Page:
War Zone

The trade war between President Donald Trump and China took a dramatic turn on Aug. 5, when China signaled it was not tolerating Trump’s rants against the country and his penchant for announcing further tariffs on imports of Chinese goods. After trade talks broke down in Shanghai, Trump announced a 10-percent tariff on $300 billion worth of Chinese goods to take effect Sept. 1. China responded with the announcement it was no longer buying U.S. agricultural products.

The announcement “is a body blow to thousands of farmers and ranchers who are already struggling to get by,” American Farm Bureau Federation President Zippy Duvall said in a press release. Some of the hardest-hit products include soybeans, grains and feeds, cotton, tobacco, dairy, livestock and meats, horticultural products, oilseeds and related products.

The most impacted ag products in California include tree nuts, table grapes and cherries, all mostly grown in the Central Valley, not Monterey County.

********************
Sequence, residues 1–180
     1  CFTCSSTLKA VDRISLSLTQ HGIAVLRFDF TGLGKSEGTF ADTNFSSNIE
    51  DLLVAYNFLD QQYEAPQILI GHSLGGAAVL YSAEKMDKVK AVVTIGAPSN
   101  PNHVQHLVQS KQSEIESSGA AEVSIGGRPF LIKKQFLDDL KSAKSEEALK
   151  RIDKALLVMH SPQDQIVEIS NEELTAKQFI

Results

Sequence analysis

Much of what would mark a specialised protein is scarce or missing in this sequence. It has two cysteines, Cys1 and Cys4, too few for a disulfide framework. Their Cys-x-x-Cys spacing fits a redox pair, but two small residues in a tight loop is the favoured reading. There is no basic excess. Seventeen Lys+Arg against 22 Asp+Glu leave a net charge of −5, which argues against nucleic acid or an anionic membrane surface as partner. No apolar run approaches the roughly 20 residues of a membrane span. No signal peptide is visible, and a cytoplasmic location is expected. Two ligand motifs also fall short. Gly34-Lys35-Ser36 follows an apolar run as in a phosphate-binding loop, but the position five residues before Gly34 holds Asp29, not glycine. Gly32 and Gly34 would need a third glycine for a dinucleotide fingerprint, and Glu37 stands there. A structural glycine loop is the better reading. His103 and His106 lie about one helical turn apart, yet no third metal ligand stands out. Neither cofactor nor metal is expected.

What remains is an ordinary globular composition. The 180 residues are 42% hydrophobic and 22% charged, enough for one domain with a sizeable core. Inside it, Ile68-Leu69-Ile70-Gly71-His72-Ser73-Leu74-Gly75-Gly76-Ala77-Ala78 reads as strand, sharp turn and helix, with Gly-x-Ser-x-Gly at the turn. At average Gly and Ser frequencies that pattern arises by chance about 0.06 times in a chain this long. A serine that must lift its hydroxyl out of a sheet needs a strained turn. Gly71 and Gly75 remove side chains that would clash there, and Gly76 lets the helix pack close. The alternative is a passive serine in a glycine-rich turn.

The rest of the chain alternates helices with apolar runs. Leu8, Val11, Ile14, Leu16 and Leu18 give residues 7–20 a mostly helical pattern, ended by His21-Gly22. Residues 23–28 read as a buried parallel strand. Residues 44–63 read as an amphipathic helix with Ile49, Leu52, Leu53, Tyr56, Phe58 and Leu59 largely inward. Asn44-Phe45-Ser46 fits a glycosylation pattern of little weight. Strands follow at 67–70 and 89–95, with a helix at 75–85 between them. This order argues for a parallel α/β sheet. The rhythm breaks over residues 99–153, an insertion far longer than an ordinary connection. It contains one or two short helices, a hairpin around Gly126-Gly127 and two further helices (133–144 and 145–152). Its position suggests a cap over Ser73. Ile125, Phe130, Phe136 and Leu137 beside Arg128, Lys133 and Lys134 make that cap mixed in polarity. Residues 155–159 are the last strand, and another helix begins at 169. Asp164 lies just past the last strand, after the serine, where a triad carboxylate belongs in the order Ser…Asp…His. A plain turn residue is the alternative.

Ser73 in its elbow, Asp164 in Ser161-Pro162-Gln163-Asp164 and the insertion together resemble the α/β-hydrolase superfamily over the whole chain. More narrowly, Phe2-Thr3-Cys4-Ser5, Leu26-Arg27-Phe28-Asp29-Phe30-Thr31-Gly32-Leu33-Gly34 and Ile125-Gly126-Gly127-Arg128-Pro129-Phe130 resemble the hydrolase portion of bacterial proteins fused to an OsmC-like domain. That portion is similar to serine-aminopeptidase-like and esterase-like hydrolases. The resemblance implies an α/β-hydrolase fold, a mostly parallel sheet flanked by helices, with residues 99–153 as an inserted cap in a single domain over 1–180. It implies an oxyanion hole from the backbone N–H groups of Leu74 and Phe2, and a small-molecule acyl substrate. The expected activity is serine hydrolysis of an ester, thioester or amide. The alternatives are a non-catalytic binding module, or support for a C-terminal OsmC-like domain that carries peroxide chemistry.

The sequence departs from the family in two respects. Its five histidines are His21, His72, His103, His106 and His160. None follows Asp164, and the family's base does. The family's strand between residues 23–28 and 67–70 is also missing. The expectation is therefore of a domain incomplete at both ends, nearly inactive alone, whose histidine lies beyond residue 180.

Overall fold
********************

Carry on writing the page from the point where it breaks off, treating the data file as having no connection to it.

Most of Monterey County’s exported crops go to Mexico and Canada. Even though wine grapes are subject to the new Chinese tariffs, Monterey County winemakers don’t export a significant volume to China.

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Carolyn O’Donnell, communications director for the California Strawberry Commission, says the Chinese market for California berries only opened three years ago and has remained relatively small. So far this year, China purchased $425,500 worth of frozen California strawberries, which is down by 65 percent at the same time last year.

“It wasn’t an important piece of the overall market for strawberry growers,” O’Donnell says. The biggest importer of California strawberries by far is Canada, which last year imported more than $272 million worth of mostly fresh berries.

Monterey County’s biggest industry may not be hit hard so far, but consumers will be. They are the next biggest losers after U.S. farmers and businesses, economists say, due to tariffs imposed by China on its goods sent here.

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